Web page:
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Corporation for Public Broadcasting "All Rights Reserved"

The News: HeartMate II
In this commercial, we open on a doctor reading a thank-you letter from a patient. Dr. Jennifer Peura tells us how in medical school, she dreamed of finding all the answers for her patients. She explains how heart patients for years were tethered to a giant device, until MUSC acquired a device the size of a cell phone to replace their failing hearts. She is summoned to a patient room, where we see that her heart patient is now a proud uncle, celebrating the birth of his niece.
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Model of the monoclinic ZrO2 unit cell
Rotating model of the monoclinic ZrO2 unit cell.
Author(s): DoITPoMS, University of Cambridge

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The "Predator" Infiltrates French Ad Building At WSU!
10/29/2010 The Predator Infiltrates French Ad Building At Washington State University! Media Contact: Matt Haugen, WSU News Service, 509-335-0487, mhaugen@wsu.edu PULLMAN, Wash.— No one was safe during the noon hour Friday at WSU, as "the Predator"—from the Hollywood movies of the same name— descended on the French Administration Building. Terror and fear was struck into the souls of the defenseless humans who tried to fight their way from the brick and mortar building. Or maybe peop
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Lesson 02 - One Minute Luxembourgish
In lesson 02 of One Minute Luxembourgish you will learn a few more useful words in Luxembourgish which you'll use every day. Remember - even a few phrases of a language can help you make friends and enjoy travel more. Find out more about One Minute Languages at our website - http://www.oneminutelanguages.com. One Minute Luxembourgish is brought to you by the Radio Lingua Network and is ©Copyright 2008.
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Acknowledgements

Grateful acknowledgement is made to the following sources for permission to reproduce material in this course:

Couse image: Mike in Flickr made available under Creative Commons Attribution-NonCommercial-ShareAlike 2.0 Licence.

The content acknowledg
Author(s): The Open University

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Copyright © 2016 The Open University

Stem cells: the future of medicine?
Dr Adam Giangreco views stem cell research as the best promise for medical breakthroughs over the next few decades. Dr Giangreco, a recent recipient of a major European Research Council grant, explains how he is exploring new treatments for lung damage and why funding stem cell research is so vital. 6 October is International Stem Cell Awareness Day. UCL Centre for Stem Cells and Regenerative Medicine: http://www.ucl.ac.uk/stemcells/ For UCL lectures on stem cell research (link to iTunesU): http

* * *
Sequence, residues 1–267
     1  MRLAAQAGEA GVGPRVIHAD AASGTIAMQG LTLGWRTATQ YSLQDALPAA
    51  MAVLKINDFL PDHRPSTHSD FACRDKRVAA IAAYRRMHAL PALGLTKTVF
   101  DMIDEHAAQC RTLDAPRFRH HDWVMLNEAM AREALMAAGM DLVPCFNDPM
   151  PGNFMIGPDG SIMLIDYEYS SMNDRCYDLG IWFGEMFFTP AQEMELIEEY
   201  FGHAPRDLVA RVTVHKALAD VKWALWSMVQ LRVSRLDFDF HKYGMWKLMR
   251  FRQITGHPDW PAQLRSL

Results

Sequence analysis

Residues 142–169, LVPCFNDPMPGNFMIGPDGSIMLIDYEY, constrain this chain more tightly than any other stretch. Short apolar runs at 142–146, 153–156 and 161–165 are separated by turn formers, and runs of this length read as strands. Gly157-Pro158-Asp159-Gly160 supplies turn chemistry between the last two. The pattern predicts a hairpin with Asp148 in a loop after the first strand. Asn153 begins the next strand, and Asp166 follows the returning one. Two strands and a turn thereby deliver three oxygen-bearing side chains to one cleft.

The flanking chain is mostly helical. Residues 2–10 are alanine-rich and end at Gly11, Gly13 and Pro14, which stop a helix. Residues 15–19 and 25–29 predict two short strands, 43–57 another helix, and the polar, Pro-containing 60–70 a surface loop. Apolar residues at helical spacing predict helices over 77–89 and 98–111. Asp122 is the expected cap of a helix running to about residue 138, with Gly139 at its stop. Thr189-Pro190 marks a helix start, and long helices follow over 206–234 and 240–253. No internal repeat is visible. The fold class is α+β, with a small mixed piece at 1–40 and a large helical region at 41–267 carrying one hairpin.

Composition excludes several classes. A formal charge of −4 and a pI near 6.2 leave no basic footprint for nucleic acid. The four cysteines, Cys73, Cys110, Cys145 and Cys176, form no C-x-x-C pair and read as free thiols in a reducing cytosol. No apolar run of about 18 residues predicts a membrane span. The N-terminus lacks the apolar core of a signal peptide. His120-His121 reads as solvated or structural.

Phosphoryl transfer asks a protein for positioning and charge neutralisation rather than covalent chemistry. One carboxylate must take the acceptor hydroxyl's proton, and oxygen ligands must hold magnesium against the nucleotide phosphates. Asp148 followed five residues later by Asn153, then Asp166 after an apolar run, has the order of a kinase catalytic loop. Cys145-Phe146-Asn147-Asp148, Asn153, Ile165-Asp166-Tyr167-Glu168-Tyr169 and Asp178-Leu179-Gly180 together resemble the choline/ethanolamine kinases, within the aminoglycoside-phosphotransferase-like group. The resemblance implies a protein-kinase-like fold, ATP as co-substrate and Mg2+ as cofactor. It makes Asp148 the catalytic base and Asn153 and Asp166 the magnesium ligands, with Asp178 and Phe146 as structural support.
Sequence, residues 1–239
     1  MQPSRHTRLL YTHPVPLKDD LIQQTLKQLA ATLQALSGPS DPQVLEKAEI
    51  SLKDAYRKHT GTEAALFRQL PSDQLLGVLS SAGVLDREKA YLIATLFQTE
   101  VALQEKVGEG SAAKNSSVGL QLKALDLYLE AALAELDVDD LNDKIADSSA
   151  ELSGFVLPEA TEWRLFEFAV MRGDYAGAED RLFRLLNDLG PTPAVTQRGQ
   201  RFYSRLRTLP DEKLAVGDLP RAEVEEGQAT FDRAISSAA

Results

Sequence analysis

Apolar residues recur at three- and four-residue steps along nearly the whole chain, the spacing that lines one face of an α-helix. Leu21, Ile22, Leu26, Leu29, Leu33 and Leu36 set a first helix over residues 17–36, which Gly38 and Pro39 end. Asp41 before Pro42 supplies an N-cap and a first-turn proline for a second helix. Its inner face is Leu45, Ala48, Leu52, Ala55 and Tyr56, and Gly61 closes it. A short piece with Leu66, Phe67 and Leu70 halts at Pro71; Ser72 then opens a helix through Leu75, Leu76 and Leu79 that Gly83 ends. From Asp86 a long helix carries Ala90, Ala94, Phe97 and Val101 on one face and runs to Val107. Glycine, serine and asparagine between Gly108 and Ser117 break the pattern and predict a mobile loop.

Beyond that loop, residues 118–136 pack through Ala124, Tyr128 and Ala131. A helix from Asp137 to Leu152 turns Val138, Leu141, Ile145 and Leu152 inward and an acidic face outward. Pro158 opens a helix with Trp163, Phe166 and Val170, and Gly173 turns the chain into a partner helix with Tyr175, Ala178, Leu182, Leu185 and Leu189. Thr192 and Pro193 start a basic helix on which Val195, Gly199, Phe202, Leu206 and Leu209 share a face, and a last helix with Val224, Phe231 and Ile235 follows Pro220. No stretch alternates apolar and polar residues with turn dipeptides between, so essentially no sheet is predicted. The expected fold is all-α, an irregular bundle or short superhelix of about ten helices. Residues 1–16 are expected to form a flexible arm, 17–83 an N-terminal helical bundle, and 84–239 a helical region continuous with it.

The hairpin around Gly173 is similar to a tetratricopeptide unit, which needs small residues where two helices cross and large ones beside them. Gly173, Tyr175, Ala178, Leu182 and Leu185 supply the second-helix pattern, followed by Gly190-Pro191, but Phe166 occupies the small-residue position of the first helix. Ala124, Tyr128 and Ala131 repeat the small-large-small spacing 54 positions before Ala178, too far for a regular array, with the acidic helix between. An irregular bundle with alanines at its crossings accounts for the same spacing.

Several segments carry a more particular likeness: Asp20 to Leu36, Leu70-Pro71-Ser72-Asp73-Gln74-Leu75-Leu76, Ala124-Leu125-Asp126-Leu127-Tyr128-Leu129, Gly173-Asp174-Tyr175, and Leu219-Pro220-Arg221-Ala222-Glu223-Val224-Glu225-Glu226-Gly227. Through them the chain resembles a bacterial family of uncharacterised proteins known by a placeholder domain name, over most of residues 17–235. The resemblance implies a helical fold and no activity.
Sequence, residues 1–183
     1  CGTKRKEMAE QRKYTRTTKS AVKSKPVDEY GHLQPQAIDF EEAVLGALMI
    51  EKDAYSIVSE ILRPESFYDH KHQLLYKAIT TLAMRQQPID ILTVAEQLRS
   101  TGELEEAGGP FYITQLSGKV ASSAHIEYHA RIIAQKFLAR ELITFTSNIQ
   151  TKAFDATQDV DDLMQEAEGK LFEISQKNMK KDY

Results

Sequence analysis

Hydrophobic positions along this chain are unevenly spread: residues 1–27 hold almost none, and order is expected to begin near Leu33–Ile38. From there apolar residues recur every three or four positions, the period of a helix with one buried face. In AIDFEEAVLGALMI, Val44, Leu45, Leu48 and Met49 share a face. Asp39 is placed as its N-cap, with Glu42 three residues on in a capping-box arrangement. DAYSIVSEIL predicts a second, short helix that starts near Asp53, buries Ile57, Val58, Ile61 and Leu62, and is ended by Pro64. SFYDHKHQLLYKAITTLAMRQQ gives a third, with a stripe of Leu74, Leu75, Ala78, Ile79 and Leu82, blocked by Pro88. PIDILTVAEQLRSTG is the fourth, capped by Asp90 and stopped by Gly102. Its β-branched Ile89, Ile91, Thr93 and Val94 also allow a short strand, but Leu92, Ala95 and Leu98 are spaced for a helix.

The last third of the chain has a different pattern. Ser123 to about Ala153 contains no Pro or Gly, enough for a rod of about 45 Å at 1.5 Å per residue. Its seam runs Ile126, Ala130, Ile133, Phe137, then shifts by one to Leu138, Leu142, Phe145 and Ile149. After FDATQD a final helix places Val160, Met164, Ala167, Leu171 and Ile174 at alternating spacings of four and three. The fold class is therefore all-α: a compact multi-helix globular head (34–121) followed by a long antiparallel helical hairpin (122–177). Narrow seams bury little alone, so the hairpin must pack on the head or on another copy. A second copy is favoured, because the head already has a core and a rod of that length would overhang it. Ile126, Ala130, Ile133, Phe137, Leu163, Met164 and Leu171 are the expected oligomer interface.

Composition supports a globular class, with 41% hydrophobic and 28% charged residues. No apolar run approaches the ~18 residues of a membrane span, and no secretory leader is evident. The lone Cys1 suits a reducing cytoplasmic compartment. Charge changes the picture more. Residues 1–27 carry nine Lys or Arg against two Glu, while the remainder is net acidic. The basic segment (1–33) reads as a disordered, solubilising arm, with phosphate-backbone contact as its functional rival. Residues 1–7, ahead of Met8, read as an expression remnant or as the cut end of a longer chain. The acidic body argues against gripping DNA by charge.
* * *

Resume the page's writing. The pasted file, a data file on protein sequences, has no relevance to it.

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Chemical and Environmental Behaviour of Materials: Fuel Cells
This set of animations demonstrates the principles of a solid oxide fuel cell and a proton exchange membrane cell. From TLP: Fuel Cells
Author(s): Derek Fray, University of Cambridge,Steve Mounsey,

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Douglas Melton, Harvard University: "Stem Cell Challenges in Biology and Public Policy" - April 10,
Douglas Melton will discuss the biology and public policy challenges surrounding stem cell research. The potential of human embryonic stem cells for understanding human development and finding new therapies will be presented. Dr. Melton is a cell and molecular biologist as well as an advocate of embryonic stem cell research. His research focuses on the developmental biology of the pancreas. One of the primary goals of his work is to understand how human embryonic stem cells differentiate into pa
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: How to Draw a Cartoon Dog: Part 3
Watch and learn from the artist's drawing. Go from the colar down to draw the body of the dog. Step-by-step narration by Paul Louis.
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Virtual laboratories in Molecular and Cell Biology - Immuno-electron-microscopy
A virtual laboratory that includes immuno-gold labelling and transmission electron micrography (immuno-EM). It allows the student to study intracellular-traffic pathways of two cell-surface receptor molecules, following stimulation of the cells with their specific ligand, for different time periods. The programme first introduces the theory underlying the techniques and includes a video of EM work in a real laboratory. The student is then taken through a series of questions which requires them t
Author(s): David Male, Ignacio Romero, Jane Loughlin - The Op